I was recently playing a game with my husband. We’d just watched the animated film “Inside Out” and we were casting the voice actors for our own emotions: Joy, Sadness, Disgust, Anger, and Anxiety. We both agreed that Robin Williams would make an amazing voice for Joy.
Then I started to wonder about that control panel in the movie. It was filled with buttons and switches that our emotions press and turn. Then we react accordingly. As we get older, and hopefully wiser, the panel gets more sophisticated. But what’s on that control panel? What’s anger make you do? What about sadness? Is there a button that makes you curl up under the covers and cry?
I journaled about it — parsing out each emotion and what sort of controls they would have in my mind. My Anxiety, by far, had the most buttons to push. It could play me like a fiddle. Then when I got to Joy, the panel was sparse, and there wasn’t much more for Sadness. The big difference was that my Joy created more positive, feel-good feelings. Whereas my Sadness was just spawning behaviors and feelings to perpetuate itself.
Sadness spawns feelings of:
- Pessimism, hopelessness
- Emptiness, boredom
- Physically heavy and slow
- Withdrawing from social engagements, isolation
- Take bath or shower
- Recalling lonely memories
My sadness has a penchant for rolling around in its own mess. Joy on the other hand had too few behaviors, which made me wonder if that’s why it’s so hard for me to sustain this emotion.
Joy spawns emotions:
- Resilience, adaptability
- Giving to others
- Assuring others
- Laughing, smiling
- Hopping, bouncing, skipping
When I think of the last time I showed my Joy by dancing and bouncing around, I feel embarrassed. Shame put the kibosh on that behavior real quick. So Joy doesn’t get to preserve itself quite like Sadness because being hyper and footloose isn’t necessarily socially acceptable. Often when we see an extremely happy person our knee jerk response is, “They’re obnoxious.”
To embrace joyful behaviors I’m going to have to stop being so judgmental. Instead of thinking “Wow, that happy person didn’t get the memo that the whole world has gone mad,” I’m going to have to let the happiness of others be contagious. I’ll also have to learn to make happiness where there is none.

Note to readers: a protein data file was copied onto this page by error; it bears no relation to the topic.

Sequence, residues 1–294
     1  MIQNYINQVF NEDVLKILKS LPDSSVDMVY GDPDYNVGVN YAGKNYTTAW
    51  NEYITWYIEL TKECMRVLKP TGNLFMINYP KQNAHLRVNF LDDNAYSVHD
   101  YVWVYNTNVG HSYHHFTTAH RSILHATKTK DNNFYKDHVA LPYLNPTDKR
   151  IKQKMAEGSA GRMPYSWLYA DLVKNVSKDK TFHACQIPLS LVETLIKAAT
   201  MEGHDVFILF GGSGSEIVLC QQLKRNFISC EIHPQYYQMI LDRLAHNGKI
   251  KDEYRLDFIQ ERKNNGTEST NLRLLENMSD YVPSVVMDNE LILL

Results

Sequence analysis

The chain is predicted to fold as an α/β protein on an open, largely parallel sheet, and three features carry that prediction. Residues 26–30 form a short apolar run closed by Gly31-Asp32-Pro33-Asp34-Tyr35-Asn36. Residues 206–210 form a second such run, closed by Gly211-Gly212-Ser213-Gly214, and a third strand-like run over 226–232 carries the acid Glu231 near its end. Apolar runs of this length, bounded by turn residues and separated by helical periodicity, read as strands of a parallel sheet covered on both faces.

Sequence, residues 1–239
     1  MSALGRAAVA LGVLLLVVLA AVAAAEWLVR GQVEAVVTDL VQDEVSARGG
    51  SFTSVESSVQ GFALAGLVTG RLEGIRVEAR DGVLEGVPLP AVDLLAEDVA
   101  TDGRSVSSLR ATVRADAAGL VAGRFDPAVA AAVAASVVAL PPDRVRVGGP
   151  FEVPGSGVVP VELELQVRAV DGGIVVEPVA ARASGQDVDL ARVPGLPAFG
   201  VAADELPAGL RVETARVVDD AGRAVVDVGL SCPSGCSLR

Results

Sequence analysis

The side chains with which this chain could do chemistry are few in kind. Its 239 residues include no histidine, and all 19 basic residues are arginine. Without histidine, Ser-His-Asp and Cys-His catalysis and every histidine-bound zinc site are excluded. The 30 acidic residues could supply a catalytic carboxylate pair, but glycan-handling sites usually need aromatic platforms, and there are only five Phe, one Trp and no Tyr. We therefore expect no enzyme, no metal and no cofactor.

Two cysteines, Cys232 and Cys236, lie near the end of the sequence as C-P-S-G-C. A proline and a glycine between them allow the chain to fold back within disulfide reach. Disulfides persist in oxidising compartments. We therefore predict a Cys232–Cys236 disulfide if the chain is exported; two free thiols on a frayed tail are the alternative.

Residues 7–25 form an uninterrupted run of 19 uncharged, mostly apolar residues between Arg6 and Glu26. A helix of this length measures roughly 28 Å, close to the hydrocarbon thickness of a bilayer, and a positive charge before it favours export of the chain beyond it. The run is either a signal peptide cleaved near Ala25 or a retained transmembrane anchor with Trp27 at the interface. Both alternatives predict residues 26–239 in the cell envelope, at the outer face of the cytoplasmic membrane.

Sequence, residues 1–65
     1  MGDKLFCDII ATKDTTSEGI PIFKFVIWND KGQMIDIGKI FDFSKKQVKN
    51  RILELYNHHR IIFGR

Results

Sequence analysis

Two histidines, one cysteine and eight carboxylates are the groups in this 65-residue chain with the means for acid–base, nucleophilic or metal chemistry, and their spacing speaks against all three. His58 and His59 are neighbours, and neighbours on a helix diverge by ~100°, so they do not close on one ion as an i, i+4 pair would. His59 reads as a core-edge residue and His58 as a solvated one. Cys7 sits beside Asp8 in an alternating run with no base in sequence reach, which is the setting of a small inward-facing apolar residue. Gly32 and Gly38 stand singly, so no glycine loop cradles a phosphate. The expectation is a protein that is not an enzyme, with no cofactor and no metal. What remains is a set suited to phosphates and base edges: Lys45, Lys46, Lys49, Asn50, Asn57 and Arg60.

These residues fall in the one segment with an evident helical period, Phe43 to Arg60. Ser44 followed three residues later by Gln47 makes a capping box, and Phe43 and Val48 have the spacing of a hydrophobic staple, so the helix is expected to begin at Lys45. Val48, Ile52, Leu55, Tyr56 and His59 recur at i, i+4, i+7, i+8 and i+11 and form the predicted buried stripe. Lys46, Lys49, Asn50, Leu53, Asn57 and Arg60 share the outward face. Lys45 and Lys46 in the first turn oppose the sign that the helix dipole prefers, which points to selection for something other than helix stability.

Unlike Sadness, Joy is also dependent on a lot of uncontrollable and/or external factors. We tell ourselves, “I would be happy if…” That condition would be anything from “if I made more money” to “if I just had more time.” It’s like Richard Carlson and Joseph Bailey wrote in Slowing Down to the Speed of Life:
“You set up a condition in your mind that must be met in order for you to be happy, then you use that very condition as ammunition against yourself when it falls short.”
Does this sound familiar? Do you allow your Joy to be ruled by the uncontrollable, by the external? But what if the condition to feel Joy was simply to want to feel it? What if giving in to Joy was just as easy as giving in to Sadness?
Here are a few steps to embrace Joy and give it a little more control over your life:
- Think of Joy as a right. Everyone has a right to experience pure happiness. It’s sensible and sustainable. When you see someone walking around with a big goofy grin, know they’ve got it figured out. They’re focused on what’s really important and you can be too. Focus on silver linings.
- Find new ways to express Joy. When you feel really good, tap into gratitude and get it all over everyone. Show your loved ones how much you care. Smile at a stranger for no reason. Practice random acts of kindness. Don’t give in to shame and begin telling yourself lies like, “I shouldn’t be happy because other people are having a tough time.” When you wear Joy on your shoulder, you can influence your environment and maybe help to sustain it.
- Find new ways to sustain Joy. This could be rewarding yourself with a beautiful bouquet of flowers, hanging out with your friends, helping others, or doing something charitable. Perhaps you feel better when you get regular exercise or eat more mindfully. Put down the iPad, stop playing Pokemon Go, and listen to what your mind and body really need.